Higher Education: Dispelling Myths to More Effectively Prosecute Campus Rape

Research shows the vast majority of sex offenders are non-stranger rapists and serial offenders. These offenders are often overlooked because they benefit from the common misconceptions and false expectations about a rapist’s relationship to their victim and the frequency of their offending. To more effectively identify, investigate, and prosecute non-stranger rapists on campus, prosecutors must overcome common myths and misconceptions about sexual violence, especially if judges and juries believe them. This webinar provides a comprehensive overview of sex offenders with an emphasis on non-stranger rapists and focuses on strategies for overcoming the unique challenges these offenders present on campus.

This webinar recording should qualify prosecutors for 1.5 hours of continuing legal education (CLE) credits. Prosecutors are encouraged to contact their state bar association in reference to application requirements and related fees.

From Barriers to Solutions: Investigating and Prosecuting Human Trafficking

Human trafficking thrives in rural, suburban, and urban jurisdictions across the country because it is routinely undetected, overlooked, or misidentified. Further, a lack of coordination between the criminal justice system and community-based programs results in a lack of victim identification and offender accountability. This webinar recording highlights key findings from an Urban Institute/Northeastern University report: “Identifying Challenges to Improve the Investigation and Prosecution of State and Local Human Trafficking Cases.” The presenter offers solutions for enhancing victim identification and safety and increasing offender accountability through the effective investigation and prosecution of human trafficking cases.

This webinar recording should qualify prosecutors for 1.5 hours of continuing legal education (CLE) credits. Prosecutors are encouraged to contact their state bar association in reference to application requirements and related fees.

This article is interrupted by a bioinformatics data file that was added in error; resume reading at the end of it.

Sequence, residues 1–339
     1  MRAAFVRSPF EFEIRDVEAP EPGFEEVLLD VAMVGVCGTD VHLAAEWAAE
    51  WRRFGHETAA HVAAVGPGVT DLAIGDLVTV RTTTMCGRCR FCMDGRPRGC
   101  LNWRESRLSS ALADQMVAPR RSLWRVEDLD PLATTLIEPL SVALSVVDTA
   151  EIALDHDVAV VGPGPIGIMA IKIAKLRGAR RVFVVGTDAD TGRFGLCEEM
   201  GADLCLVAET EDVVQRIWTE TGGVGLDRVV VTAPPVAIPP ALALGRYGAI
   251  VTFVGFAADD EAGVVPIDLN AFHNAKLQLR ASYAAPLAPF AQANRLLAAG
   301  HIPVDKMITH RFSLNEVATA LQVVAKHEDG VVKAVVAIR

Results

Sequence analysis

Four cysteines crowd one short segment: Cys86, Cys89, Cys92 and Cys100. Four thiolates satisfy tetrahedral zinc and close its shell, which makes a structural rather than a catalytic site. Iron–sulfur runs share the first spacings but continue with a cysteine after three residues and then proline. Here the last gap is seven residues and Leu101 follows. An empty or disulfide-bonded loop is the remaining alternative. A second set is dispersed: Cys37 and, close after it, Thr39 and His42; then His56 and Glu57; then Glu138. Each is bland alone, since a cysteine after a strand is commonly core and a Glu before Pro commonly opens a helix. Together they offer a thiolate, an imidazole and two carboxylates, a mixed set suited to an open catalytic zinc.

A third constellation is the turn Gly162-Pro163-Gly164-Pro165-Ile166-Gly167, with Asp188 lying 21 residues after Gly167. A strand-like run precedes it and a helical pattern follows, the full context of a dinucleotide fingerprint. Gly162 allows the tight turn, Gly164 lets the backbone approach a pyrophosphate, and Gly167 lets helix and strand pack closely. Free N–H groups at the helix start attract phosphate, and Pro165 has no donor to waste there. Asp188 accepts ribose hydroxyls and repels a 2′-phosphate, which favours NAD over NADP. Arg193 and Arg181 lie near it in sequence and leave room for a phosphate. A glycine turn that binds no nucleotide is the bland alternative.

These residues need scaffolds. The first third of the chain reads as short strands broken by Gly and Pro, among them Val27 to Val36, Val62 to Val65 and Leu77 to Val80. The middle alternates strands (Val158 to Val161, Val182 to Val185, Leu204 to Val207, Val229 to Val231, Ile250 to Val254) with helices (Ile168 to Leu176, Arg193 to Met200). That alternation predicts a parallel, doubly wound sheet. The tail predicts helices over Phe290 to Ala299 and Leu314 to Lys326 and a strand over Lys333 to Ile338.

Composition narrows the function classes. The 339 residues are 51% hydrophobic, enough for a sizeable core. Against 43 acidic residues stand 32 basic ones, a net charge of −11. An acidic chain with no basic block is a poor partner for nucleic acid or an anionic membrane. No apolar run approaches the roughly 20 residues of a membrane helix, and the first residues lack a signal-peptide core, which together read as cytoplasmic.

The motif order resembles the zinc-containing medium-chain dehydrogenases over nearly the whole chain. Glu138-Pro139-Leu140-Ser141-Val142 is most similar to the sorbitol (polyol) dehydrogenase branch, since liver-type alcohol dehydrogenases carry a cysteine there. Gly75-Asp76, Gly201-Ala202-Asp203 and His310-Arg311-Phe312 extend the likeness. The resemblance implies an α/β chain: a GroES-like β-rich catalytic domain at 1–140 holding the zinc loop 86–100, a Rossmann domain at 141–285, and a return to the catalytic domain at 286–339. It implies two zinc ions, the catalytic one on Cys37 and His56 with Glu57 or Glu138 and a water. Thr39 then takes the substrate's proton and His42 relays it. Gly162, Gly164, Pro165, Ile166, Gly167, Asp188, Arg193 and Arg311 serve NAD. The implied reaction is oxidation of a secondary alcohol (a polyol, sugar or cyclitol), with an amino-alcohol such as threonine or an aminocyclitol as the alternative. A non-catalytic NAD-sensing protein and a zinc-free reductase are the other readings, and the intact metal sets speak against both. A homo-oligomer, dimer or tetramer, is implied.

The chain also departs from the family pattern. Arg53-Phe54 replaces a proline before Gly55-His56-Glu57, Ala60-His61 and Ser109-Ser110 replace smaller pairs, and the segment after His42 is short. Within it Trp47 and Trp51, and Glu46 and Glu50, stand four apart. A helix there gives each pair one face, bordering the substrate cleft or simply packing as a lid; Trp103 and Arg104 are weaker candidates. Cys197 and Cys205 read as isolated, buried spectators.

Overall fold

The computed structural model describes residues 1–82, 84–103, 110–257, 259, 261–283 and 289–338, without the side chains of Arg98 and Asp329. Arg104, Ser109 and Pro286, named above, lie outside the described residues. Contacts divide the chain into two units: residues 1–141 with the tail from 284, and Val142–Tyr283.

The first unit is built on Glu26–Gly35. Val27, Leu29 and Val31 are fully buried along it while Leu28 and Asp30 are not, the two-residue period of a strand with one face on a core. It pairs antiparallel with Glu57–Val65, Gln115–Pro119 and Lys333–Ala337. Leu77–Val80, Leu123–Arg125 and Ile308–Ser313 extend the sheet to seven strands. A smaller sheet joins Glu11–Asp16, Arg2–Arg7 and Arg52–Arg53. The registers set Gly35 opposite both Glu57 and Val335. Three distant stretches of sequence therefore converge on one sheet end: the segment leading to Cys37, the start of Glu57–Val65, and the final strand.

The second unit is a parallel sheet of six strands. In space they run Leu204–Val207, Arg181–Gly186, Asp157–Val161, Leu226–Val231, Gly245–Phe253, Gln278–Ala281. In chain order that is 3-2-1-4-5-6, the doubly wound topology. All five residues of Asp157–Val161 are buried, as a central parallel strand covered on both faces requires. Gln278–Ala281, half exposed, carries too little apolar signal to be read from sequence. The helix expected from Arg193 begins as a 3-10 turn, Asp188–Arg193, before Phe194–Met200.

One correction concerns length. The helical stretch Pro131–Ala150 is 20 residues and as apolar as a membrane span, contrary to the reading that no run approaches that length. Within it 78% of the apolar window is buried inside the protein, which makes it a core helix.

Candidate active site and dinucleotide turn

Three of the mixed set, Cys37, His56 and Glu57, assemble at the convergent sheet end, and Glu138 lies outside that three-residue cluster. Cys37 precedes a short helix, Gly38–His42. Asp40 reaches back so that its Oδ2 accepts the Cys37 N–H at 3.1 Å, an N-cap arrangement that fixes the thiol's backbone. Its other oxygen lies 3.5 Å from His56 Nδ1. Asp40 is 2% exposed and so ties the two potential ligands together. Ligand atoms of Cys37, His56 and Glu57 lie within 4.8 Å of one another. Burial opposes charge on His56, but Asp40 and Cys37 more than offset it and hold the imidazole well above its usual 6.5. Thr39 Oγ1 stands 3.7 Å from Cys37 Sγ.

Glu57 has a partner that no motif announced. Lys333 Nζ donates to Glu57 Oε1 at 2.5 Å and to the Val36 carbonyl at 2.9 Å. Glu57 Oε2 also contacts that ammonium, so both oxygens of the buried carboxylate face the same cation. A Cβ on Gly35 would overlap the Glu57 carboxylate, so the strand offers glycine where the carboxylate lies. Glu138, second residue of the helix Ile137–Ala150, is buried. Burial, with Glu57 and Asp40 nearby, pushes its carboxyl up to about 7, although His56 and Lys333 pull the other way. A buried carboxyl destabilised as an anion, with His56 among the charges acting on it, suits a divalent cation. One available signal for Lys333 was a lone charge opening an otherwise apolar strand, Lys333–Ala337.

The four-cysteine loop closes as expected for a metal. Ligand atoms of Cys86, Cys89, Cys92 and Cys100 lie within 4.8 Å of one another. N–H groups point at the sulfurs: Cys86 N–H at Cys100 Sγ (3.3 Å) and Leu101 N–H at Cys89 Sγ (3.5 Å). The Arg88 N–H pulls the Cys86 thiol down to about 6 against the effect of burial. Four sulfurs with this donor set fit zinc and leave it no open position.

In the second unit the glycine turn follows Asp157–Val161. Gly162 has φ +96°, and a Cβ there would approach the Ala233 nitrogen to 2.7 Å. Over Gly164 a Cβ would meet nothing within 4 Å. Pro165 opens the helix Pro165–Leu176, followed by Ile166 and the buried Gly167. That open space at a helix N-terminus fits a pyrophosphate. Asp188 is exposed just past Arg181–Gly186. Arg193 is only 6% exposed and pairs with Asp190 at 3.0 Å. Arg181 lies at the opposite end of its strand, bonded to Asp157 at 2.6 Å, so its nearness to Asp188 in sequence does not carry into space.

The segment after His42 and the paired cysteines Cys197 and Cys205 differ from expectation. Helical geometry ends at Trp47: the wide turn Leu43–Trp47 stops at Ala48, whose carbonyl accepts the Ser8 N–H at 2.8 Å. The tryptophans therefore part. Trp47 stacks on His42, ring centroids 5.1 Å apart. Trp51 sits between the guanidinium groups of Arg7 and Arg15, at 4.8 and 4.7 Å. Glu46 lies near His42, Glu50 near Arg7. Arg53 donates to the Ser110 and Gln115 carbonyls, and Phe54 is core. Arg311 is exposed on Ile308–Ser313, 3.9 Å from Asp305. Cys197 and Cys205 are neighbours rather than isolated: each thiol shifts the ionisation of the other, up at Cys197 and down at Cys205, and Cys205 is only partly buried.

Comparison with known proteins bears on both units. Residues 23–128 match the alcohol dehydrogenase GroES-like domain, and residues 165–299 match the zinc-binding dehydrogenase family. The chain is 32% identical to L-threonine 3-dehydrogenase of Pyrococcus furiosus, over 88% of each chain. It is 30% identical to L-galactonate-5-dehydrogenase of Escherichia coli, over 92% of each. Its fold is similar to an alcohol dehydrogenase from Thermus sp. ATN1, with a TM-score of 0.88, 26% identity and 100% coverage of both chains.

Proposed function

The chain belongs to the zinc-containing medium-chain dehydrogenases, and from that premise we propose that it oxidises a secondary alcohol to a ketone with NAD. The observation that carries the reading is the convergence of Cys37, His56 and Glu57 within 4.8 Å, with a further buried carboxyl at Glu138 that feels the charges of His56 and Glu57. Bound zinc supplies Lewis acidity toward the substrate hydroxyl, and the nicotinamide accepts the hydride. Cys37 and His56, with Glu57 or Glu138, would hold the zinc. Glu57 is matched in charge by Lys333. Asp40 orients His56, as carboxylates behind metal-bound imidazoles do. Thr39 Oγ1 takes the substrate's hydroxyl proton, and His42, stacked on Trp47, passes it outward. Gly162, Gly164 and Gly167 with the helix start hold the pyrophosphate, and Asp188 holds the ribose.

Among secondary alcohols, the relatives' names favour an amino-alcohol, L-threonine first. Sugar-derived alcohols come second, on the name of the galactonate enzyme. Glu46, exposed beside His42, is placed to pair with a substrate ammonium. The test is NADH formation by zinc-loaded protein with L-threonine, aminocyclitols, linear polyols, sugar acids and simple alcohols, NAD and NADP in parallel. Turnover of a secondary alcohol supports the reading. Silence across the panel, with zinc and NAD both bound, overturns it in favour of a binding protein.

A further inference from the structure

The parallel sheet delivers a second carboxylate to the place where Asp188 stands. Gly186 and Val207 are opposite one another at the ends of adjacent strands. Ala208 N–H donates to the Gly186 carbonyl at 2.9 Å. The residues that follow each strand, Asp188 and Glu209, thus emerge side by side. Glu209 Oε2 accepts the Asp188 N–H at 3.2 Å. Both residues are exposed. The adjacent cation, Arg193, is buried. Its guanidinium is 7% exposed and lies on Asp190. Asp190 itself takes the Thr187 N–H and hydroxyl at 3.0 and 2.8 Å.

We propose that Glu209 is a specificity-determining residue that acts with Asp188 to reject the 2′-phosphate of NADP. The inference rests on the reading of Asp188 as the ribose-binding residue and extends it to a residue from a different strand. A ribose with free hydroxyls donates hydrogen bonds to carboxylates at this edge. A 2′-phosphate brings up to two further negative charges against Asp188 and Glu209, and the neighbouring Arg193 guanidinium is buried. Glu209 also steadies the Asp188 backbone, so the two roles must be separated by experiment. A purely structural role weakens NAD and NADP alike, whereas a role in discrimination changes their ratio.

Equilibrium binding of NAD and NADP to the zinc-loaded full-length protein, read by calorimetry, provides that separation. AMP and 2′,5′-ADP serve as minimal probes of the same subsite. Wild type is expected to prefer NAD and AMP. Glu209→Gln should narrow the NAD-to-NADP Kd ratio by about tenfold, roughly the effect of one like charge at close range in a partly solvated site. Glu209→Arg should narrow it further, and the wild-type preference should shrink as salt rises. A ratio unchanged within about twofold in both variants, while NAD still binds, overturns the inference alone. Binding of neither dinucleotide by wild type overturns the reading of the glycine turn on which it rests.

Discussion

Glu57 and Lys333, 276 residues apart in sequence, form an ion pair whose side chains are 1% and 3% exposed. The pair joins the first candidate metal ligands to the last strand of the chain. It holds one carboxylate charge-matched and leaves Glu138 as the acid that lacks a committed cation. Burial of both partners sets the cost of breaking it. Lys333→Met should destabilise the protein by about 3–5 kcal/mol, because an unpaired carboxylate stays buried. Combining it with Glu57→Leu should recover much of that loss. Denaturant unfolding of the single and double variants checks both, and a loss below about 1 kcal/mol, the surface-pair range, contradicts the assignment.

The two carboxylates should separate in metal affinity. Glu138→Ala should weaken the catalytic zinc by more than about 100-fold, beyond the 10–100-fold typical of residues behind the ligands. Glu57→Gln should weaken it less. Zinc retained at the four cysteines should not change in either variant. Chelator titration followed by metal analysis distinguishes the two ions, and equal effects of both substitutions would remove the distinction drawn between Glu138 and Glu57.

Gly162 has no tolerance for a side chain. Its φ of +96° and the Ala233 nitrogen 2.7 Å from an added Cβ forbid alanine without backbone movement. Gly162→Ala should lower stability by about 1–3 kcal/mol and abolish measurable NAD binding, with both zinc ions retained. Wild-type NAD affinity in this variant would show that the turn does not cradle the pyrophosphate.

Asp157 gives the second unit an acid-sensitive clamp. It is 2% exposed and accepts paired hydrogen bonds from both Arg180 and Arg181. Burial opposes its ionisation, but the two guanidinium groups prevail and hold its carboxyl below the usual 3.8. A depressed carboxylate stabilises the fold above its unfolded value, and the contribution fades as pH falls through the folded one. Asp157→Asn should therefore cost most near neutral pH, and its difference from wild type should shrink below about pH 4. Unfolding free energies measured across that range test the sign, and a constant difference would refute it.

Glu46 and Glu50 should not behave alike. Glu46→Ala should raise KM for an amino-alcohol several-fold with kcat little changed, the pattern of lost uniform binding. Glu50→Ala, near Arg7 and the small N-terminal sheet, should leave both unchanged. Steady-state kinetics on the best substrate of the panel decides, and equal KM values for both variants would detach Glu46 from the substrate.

Context is Everything: Battered Women Charged with Crimes

There are many dilemmas facing police, prosecutors, and allied professionals who deal with domestic violence, especially in cases where battered women have been charged with crimes. Mandatory arrest policies can lead to the arrest of victims exercising their right to self-defense or otherwise acting in response to the dynamics of the violent relationship. This webinar emphasizes the importance of contextual analysis in evaluating criminal responsibility at all stages of the criminal justice process. Such analysis will help to ensure that the dynamics of domestic violence are properly factored into decisions about arrest, charging, plea negotiations, and sentencing, and will enhance the quality of justice for those who have been victims of abuse.

This webinar recording should qualify prosecutors for 1.5 hours of continuing legal education (CLE) credits. Prosecutors are encouraged to contact their state bar association in reference to application requirements and related fees.

The Prosecutors’ Resource on Forfeiture by Wrongdoing

Forfeiture by wrongdoing is a longstanding exception to a defendant’s Sixth Amendment right to confront the witnesses against him. If a defendant causes a witness to be unavailable for trial through his wrongful acts, with the intention of preventing that witness from testifying, then the introduction of the witness’s prior testimonial statements is not barred by the Confrontation Clause of the Sixth Amendment of the United States Constitution. This resource will review the origins and requirements of forfeiture by wrongdoing, examine its utility in domestic violence cases, outline trial strategies, and provide a checklist for hearings on forfeiture.